Thursday, February 9, 2017

Eight Years Ago Was a Very Good Day

You know how Facebook likes to remind you of posts from previous years? Today mine recalled a post I wrote eight years ago: "I have been reunited with my luggage, and am about to go riding on a beach in Durban (really!)!"

That was a fantastic day--a fantastic gallop on a bright white entirely empty beach, surf crashing, searing South African summertime sun, my Zulu guide, Cyprian, with his head thrown back, laughing--I remember that day like it was yesterday. I treasure it. Today it was a very good memory for me as I continue to be frustrated by my concussion, because that good day in Africa was born out of a bad day in Bristol, a bad day which led to a lot of good changes in my life.

Nine years ago, nearly exactly, my husband ruptured his Achilles tendon while coaching middle school basketball. The surgical repair did not go as well as we hoped, and recovery was long and difficult. For several bleak winter months my husband thought he'd have to give up his passion, golf, and he wrestled with frustration as well as physical pain. (Being my husband, he took exactly two days off work, for an injury that usually sidelines people for six months or more.) I was just beginning the four-year odyssey that would result in my book Jefferson's Sons, the book that ended up transforming the way I write. Of course I didn't know that at the time.

In recovery my husband spent a lot of time on the computer, looking for websites and chat rooms about golf and golf course architecture--if he wasn't going to play golf he was at least going to study it. I decided to knit a pair of socks. It was January, 2008, a summer Olympic year, and I was sort-of friends with a person who had a shot at making our Olympic team in my esoteric sport, eventing. (Now that my daughter fences, I understand that fencing is much like eventing: even though making the Olympic team in any sport is really, really tough, the number of overall participants in fencing is so small nearly every one who fences knows at least one former Olympian. I had two pointed out to me at my daughter's recent fencing match.) Anyway I sat down and designed a pair of Olympic socks, and they were really cool, and for some reason they pissed my husband off. We'd be at another middle school basketball game, and one of the other parents would ask what I was knitting, and I'd say, "A pair of socks for a friend of mine that might make the Olympic team." My husband would interrupt with, "She is NOT your friend." Dunno why. I had the woman's cell phone number, and if I called her she'd pick up with, "Hello, Kim" because she had mine. That was friendship in my book. Still is.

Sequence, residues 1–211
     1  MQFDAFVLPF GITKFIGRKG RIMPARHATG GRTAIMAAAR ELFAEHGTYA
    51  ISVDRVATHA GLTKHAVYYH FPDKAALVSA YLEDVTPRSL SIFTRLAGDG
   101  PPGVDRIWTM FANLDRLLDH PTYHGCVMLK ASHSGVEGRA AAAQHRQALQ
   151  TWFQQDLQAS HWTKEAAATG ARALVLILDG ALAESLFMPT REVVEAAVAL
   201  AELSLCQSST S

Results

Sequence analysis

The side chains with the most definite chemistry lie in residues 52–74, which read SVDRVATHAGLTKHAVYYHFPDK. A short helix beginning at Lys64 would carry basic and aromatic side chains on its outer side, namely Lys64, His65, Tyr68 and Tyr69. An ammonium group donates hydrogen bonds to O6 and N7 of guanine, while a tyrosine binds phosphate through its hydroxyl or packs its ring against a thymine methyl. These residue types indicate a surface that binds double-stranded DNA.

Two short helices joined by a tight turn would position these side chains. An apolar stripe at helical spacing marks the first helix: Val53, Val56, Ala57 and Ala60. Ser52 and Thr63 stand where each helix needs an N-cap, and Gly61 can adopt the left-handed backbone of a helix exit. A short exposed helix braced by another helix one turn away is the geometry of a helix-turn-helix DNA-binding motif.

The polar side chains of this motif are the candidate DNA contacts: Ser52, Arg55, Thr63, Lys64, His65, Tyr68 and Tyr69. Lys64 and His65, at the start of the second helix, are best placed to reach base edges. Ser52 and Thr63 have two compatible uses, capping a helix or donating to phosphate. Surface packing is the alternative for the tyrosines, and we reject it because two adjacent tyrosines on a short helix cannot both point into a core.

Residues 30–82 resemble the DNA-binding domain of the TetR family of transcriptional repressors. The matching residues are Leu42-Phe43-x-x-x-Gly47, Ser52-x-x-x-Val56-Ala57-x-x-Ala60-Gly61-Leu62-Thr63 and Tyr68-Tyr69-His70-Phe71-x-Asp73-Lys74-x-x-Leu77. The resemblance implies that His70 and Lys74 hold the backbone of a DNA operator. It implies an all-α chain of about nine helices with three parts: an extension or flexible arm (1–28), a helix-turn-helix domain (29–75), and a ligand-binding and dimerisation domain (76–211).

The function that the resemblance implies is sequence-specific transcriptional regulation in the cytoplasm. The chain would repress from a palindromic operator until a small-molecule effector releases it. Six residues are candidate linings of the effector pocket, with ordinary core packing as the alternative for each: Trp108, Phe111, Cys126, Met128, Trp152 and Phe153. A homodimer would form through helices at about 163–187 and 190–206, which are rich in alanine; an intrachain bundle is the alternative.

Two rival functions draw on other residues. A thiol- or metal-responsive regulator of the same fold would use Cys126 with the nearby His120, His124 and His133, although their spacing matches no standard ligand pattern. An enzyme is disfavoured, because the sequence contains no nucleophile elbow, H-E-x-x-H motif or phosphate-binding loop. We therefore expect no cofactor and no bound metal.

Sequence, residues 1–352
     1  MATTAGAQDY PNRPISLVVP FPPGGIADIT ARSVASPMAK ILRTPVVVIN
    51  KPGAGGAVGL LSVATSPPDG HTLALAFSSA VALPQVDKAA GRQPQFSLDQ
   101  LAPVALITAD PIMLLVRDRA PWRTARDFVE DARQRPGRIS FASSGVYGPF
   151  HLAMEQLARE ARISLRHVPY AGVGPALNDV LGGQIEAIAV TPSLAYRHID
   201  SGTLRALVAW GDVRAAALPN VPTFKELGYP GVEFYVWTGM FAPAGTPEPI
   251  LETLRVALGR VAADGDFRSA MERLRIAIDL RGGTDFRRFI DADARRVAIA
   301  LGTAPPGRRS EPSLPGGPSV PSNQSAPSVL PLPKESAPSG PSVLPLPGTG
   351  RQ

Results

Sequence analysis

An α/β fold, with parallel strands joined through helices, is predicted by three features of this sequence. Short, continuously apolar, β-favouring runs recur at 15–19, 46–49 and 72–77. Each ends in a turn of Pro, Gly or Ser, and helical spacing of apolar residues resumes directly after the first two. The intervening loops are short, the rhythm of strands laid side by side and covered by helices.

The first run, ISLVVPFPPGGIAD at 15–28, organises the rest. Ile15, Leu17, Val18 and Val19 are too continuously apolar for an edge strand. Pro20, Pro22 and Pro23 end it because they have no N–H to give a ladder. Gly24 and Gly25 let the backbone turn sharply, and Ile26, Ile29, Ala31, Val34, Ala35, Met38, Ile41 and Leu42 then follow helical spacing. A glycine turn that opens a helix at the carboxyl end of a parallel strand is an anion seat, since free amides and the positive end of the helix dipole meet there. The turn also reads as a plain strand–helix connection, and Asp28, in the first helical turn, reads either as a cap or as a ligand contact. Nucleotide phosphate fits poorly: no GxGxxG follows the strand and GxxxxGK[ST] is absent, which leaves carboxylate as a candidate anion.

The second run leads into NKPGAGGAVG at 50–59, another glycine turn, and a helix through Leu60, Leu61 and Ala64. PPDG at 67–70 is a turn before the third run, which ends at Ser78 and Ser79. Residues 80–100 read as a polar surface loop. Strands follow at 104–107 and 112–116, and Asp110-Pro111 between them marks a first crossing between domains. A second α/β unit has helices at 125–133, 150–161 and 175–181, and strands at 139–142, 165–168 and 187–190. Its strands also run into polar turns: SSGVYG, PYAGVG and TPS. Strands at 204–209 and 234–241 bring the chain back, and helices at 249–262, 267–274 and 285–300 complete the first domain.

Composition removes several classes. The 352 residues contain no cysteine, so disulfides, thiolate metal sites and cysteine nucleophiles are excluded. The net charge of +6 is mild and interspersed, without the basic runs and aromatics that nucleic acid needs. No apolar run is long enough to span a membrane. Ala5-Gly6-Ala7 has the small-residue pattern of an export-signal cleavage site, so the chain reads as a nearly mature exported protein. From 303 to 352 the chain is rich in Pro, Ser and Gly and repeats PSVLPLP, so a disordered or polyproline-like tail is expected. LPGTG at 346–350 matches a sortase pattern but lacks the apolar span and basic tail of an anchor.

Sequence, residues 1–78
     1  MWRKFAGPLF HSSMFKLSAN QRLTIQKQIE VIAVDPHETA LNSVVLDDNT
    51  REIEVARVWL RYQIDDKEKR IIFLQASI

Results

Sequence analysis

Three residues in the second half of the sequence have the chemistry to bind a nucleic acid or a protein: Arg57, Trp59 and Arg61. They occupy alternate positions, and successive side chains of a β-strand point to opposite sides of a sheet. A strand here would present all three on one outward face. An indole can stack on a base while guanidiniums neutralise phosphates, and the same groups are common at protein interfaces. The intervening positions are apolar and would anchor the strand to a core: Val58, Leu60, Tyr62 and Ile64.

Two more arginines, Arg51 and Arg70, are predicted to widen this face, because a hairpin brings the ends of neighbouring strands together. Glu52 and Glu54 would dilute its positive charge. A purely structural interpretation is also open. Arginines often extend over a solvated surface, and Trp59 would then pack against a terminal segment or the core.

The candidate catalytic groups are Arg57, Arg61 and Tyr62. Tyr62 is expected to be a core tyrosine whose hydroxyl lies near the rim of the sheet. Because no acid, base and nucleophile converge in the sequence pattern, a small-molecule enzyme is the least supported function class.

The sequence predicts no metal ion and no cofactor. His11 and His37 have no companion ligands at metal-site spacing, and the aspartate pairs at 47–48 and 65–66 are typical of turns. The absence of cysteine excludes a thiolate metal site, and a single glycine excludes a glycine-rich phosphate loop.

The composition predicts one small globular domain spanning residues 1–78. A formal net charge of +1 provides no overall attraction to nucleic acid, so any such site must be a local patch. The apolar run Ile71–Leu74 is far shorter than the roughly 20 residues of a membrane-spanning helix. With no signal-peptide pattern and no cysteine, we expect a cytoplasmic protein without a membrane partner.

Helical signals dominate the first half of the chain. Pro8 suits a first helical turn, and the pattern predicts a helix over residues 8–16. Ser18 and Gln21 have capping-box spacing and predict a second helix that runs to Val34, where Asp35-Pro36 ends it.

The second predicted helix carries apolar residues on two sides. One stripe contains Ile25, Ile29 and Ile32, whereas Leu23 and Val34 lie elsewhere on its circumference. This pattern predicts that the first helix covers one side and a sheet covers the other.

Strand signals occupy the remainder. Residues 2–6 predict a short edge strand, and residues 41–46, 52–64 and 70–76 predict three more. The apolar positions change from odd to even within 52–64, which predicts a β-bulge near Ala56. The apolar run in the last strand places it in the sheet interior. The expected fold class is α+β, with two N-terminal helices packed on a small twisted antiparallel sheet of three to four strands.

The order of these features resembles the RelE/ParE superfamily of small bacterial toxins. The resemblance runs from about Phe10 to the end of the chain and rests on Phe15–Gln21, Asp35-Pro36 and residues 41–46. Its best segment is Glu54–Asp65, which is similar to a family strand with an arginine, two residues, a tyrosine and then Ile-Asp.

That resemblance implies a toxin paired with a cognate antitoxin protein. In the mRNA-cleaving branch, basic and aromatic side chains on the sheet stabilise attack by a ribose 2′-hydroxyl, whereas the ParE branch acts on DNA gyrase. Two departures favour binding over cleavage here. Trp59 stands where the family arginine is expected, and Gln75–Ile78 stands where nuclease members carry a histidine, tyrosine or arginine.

But I knew my husband was suffering so I didn't let him get to me. Until spring, that is, when he announced that he'd invited one of his new internet friends, a man prominent in golf course architecture, plus the man's entire family--wife, two kids--to spend a weekend with us at our house in the mountains. "We've never met these people!" I said.

My husband said, "SO? You're knitting Olympic socks!"

I sort of got what he meant. Who was I, to knit socks for a famous person? (Famous in a small pond, but still--famous) Who was he, to entertain famous people at our home? (Famous in a small pond, but still--famous).

My friend made the Olympic team. She loved the socks. She made the team again in 2012; not only did I make her another pair of socks, I went and watched her compete. Not kidding.

My husband's friend came with his kids and wife and we had a fantastic time. Halfway through dinner the first night, well into our second bottle of wine, the architecture guy said, "Hey, we've got a group going to South Africa for two weeks this winter--you guys should join us."

My husband and I looked at each other and grinned. What the hell.  We'd learned a thing or two. "We'd love to," we said, and we did. We loved every minute of that trip. Furthermore, taking it--taking the risk of taking it--opened our world in a thousand different ways. It made us unafraid of reaching out to people and unwilling to postpone adventure.

My husband got hurt, and then he got adventuresome. I knit socks, and ended up at the Olympic games. I'm sitting here healing my head, working on my new manuscript, learning to write a movie script, and planning my travel calendar for the year. I can't wait to see what's happening next.